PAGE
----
Tuesday, July 3, 2012


     In the mid-1960s, the drive-in was still very much a part of the American scene. My friends and I scorned them, as we did many manifestations of American mass culture. We didn't have anything to drive anyway, until two of us bought a Lambretta in 1964. I understand that today people show up at the surviving drive-ins in and on a wide variety of vehicles, from bicycles on up. That never occurred to us, or possibly to anyone else in our day.

     Driving around with a friend one afternoon, we came upon the Fresh Pond drive-in, which, I am told, was on the site of the present Loewe's theater and the Fresh Pond Mall. I have an impression that on that occasion the drive-in was closed -- out of business, not just lying fallow until dusk.

     Being young and foolish, I made my way through some opening in the perimeter and drove around. I had been to drive-ins before, of course, but always at night and always with someone else driving. I had never noticed that they are built so as to raise the front wheels of the cars parked there, for a better view of the screen.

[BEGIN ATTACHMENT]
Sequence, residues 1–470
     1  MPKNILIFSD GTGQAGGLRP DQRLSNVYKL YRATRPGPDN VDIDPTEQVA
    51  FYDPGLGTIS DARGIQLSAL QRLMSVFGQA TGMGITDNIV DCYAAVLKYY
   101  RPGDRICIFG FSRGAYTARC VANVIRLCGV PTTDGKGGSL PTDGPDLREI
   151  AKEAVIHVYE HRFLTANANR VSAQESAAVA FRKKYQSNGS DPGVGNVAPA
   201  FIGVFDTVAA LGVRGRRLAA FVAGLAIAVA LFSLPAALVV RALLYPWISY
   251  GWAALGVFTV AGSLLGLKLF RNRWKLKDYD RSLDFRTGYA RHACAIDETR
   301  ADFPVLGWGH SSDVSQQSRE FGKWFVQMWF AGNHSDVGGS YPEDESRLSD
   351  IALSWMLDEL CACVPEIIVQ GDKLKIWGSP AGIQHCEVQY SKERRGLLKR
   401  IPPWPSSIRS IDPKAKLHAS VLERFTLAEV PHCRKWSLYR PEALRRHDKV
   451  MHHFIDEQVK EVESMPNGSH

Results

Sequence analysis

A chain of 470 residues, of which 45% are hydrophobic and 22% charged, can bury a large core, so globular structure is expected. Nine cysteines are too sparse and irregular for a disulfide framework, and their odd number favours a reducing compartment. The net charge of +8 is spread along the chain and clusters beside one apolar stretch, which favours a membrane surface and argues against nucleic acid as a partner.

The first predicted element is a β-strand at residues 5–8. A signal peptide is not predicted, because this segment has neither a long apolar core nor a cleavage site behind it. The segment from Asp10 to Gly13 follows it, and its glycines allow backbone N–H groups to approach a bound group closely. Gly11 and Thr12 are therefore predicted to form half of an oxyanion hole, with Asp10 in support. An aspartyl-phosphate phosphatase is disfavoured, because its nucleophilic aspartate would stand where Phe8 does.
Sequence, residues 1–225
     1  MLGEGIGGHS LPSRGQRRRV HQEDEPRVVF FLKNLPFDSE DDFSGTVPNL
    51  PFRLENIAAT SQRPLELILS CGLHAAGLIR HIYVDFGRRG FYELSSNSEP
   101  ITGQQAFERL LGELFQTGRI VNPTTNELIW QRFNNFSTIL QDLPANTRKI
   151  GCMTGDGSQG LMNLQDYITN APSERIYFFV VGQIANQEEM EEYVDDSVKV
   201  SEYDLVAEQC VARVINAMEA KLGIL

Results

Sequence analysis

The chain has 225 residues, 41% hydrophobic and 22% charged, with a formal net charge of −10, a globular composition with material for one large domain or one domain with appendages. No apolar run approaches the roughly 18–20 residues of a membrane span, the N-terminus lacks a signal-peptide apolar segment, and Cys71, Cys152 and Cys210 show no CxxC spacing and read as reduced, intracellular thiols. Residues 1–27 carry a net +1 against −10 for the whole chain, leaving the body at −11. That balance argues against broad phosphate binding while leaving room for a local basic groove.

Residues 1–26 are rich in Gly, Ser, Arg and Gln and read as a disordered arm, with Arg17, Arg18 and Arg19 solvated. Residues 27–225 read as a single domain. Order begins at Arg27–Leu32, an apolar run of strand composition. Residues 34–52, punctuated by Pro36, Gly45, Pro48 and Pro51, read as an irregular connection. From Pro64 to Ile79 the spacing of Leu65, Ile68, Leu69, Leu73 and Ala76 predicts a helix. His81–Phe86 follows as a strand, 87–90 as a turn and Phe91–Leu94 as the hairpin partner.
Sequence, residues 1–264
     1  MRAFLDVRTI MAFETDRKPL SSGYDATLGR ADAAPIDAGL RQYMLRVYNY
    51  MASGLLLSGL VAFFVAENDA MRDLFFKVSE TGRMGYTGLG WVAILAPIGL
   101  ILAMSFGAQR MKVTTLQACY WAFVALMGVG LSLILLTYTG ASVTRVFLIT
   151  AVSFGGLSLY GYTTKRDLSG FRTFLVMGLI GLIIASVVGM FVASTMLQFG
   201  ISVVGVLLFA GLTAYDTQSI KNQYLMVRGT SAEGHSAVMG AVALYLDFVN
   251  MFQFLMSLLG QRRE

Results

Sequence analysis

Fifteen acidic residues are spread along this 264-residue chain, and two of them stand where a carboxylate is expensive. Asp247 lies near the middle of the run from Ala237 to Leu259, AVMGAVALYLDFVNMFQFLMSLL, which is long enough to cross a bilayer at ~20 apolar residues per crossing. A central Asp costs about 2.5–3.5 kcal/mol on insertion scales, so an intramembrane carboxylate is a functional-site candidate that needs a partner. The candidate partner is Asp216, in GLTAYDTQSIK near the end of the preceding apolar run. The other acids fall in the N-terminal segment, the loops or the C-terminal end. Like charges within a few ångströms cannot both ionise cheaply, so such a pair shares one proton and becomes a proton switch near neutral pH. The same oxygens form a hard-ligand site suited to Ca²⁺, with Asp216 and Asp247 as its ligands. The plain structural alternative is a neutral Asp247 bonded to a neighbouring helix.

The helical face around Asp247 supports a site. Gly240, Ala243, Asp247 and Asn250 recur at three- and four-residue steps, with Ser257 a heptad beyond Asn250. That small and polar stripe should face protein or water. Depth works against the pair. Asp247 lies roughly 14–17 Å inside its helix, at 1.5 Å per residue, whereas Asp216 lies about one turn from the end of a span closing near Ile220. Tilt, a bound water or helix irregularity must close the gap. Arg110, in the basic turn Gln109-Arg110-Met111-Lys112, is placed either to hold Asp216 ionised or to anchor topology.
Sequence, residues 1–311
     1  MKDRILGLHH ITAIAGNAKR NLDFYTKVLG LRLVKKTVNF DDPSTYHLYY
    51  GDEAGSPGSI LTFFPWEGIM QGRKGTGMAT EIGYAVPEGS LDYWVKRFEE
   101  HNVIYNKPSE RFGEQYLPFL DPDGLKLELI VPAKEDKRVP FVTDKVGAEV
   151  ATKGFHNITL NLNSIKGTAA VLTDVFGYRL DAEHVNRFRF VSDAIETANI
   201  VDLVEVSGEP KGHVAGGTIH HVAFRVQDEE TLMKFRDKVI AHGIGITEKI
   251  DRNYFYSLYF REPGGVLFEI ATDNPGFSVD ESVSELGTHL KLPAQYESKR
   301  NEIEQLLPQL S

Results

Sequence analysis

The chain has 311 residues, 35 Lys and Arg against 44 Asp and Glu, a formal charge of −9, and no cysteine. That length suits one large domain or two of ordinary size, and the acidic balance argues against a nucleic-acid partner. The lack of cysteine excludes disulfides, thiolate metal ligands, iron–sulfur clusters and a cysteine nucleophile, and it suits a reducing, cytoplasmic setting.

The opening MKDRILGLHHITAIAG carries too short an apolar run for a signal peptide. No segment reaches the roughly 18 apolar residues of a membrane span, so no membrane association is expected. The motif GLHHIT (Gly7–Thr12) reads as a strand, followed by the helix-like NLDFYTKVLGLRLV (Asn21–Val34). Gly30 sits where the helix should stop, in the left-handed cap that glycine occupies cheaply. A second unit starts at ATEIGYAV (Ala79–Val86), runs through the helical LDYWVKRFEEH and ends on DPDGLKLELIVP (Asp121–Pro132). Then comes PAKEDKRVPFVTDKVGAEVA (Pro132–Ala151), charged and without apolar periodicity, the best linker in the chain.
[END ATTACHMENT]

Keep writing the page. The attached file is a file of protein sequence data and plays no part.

We had a marvelous time bumping back and forth over this washboard/amphitheater, trying not to drag the underpinnings of the scooter or skid on the loose, gravel-y non-pavement. I was just getting good at whoop-de-doo-ing across these little hills and valleys when some proprietor-type appeared and ordered us off the premises.

     That afternoon may have been the most fun I ever had at the movies.